Meeting Ten – The Montage
We’ve all see the montage moment in movies. Our hero needs to spend a year training his hands into lethal weapons. A film will show a minute filled with five-second clips of the protagonist jumping, punching, kicking, and running up the steps of the Philadelphia Art Museum. All this happens while inspiring music plays in the background.
Too often I see authors attempting the same thing in a written format, and it doesn’t work. I’m not sure why it doesn’t work. Maybe it’s the lack of music. In the past few months, I’ve seen several examples of inexperienced writers who want to show a passage of time by giving little one paragraph snippets of things that have happened to the character. These aren’t major events in the character’s timeline, and they don’t cause a big change in his/her view of the world. So we just get a bunch of facts that are best left out of the story.
Here’s where we tread the line between show vs tell. If we take a character who needs to spend four years in college in order for their role in the story to make sense in a later part of the book, we can do one of three things. (There’s probably more ways to do this, but I’m going to stick to three examples.)
One: We can dedicate a full chapter to each year of the student’s life. The events that we show are going to mean something to the plot. They will show the character developing a certain trait or changing their mind about something. Maybe they will meet someone who will irrevocably change their future.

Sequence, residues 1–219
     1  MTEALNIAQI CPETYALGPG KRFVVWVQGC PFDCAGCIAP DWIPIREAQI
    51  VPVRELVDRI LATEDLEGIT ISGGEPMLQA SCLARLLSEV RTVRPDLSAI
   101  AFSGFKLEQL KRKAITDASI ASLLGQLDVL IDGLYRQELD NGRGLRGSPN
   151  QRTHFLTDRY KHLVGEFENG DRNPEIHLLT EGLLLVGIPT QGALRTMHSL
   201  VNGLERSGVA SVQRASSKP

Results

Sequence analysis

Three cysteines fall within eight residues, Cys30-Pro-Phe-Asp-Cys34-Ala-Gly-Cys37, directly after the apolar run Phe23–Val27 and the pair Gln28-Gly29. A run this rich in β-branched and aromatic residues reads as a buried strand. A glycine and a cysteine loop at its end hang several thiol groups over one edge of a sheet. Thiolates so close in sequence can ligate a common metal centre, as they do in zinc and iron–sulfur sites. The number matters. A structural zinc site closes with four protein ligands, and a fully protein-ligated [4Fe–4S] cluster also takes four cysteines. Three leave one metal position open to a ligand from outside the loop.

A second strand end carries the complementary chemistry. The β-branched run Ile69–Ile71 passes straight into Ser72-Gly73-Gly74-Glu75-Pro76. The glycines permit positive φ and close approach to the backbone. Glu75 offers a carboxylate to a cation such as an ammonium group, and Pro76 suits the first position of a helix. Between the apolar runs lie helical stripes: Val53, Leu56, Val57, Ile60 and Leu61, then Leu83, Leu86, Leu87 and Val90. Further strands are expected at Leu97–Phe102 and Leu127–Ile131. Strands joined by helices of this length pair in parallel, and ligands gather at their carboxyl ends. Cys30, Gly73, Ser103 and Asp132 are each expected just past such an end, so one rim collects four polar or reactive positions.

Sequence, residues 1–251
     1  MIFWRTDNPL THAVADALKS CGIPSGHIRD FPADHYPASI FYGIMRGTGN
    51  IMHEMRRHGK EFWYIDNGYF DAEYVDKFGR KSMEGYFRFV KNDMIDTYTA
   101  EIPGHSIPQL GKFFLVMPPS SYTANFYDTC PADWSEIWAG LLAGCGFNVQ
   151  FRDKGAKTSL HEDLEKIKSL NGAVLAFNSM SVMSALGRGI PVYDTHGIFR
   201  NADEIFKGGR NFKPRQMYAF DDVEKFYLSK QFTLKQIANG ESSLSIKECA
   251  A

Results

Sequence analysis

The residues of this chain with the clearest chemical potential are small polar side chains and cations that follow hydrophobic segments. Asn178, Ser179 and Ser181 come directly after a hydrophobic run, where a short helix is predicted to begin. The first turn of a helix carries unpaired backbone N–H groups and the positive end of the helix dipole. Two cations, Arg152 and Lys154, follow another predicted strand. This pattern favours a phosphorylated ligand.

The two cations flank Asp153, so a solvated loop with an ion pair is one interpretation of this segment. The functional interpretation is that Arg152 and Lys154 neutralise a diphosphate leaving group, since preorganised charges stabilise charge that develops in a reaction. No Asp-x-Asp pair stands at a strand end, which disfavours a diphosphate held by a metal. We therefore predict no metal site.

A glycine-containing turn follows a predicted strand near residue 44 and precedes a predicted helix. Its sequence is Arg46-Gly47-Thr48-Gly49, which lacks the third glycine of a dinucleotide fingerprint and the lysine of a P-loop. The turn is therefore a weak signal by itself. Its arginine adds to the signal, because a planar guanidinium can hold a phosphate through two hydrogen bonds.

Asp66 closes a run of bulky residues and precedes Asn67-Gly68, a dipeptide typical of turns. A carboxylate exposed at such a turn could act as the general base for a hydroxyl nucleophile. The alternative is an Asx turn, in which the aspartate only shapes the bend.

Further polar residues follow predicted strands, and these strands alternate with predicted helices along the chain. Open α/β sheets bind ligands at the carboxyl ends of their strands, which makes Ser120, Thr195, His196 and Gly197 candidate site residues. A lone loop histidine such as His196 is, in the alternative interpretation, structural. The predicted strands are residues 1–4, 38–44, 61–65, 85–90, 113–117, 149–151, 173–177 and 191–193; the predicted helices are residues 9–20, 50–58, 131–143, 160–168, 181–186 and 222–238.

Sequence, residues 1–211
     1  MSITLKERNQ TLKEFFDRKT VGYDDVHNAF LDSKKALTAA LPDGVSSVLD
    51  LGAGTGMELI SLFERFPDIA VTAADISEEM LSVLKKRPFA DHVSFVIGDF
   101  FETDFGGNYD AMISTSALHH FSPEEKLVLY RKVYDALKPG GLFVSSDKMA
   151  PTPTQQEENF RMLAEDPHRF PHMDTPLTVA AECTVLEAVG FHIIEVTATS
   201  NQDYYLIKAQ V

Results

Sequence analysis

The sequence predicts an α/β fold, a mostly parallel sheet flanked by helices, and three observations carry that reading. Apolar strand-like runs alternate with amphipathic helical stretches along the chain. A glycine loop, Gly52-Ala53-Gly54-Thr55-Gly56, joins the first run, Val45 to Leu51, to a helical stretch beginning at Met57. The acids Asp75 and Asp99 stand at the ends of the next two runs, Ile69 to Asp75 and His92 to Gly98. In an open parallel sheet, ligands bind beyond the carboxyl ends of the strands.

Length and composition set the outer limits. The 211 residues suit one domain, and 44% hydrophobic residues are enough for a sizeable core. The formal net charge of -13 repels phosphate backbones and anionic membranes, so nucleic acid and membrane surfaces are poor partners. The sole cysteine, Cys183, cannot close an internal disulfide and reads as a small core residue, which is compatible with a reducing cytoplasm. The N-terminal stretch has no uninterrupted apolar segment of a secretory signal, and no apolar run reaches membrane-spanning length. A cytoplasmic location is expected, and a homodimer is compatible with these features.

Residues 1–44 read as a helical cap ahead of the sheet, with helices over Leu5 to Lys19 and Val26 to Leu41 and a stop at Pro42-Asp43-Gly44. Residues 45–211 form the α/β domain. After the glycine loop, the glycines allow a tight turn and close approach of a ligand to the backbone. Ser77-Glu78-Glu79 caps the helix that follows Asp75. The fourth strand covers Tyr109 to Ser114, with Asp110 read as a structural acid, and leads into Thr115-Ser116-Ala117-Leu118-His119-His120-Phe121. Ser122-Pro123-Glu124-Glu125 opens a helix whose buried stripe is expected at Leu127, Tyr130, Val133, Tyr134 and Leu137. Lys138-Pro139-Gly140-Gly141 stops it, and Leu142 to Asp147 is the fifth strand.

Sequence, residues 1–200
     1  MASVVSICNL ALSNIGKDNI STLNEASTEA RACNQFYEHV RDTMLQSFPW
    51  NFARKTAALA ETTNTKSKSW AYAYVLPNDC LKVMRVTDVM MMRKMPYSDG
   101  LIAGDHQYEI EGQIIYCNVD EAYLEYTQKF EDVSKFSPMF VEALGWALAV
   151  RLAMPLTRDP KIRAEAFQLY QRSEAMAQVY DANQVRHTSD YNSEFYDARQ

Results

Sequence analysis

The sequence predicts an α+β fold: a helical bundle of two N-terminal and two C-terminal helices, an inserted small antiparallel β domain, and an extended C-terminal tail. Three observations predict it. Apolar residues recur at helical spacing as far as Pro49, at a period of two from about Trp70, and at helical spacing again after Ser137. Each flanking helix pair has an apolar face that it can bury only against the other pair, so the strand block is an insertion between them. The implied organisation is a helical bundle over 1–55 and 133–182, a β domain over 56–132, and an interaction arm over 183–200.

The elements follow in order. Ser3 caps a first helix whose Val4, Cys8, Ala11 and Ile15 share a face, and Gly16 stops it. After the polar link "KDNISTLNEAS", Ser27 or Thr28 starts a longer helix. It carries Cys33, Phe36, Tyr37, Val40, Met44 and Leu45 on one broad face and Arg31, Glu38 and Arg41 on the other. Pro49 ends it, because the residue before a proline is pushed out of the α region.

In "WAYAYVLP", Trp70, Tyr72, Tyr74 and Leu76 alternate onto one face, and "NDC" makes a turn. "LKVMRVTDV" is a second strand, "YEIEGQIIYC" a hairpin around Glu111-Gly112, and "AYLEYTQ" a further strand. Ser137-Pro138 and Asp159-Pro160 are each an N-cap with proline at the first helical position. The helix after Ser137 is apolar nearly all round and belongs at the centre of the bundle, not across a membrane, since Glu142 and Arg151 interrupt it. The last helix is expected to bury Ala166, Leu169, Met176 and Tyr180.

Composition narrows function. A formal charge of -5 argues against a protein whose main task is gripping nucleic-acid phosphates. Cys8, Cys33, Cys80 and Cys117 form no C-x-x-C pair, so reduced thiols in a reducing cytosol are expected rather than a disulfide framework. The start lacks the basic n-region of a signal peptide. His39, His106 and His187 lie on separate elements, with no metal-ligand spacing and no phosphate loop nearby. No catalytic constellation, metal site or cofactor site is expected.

Two: We can show a couple of random scenes during the college years on one brief page and move on.
Three: We simply state – Tom went to college and got his engineering degree.
Example one would be how we show the events happening. Example three is simply telling. Example two is the one I hate. Even though example three is strictly telling, it’s one simple line. The reader now knows time has passed, and the character did something with that time, but there was nothing important you need to know about it. I don’t have a problem with that.
Maybe it’s because I’ve been focusing on story structure so much these days, but example two makes me feel like I’ve wasted my time. The author has tossed in some filler material with information I didn’t need. Nothing in the plot has changed. The character didn’t have a life changing moment. It was only a couple of scenes which did nothing more than show the passage of time.
My WIP takes place over a twenty-year time span, and there are seven major characters. I can’t show every event that’s happening during the story. Several of my chapters have a couple of years pass since the last time the reader has seen the character. I obviously can’t pack everything into a single sentence either. When these jumps happen, I start the chapter with a single paragraph that tells the reader (subtly) how much time has passed and what major event has occurred. It would be silly of me to dedicate half the chapter to several scenes showing the intervening time. And yet, I’ve seen people try to do that very thing. Knock it off.
If the subject isn’t important enough for you to write a full chapter about it, then maybe it should be skipped. Or change it so that the scene is important and you can write more about it. Less scenes – More quality to the scenes you have please.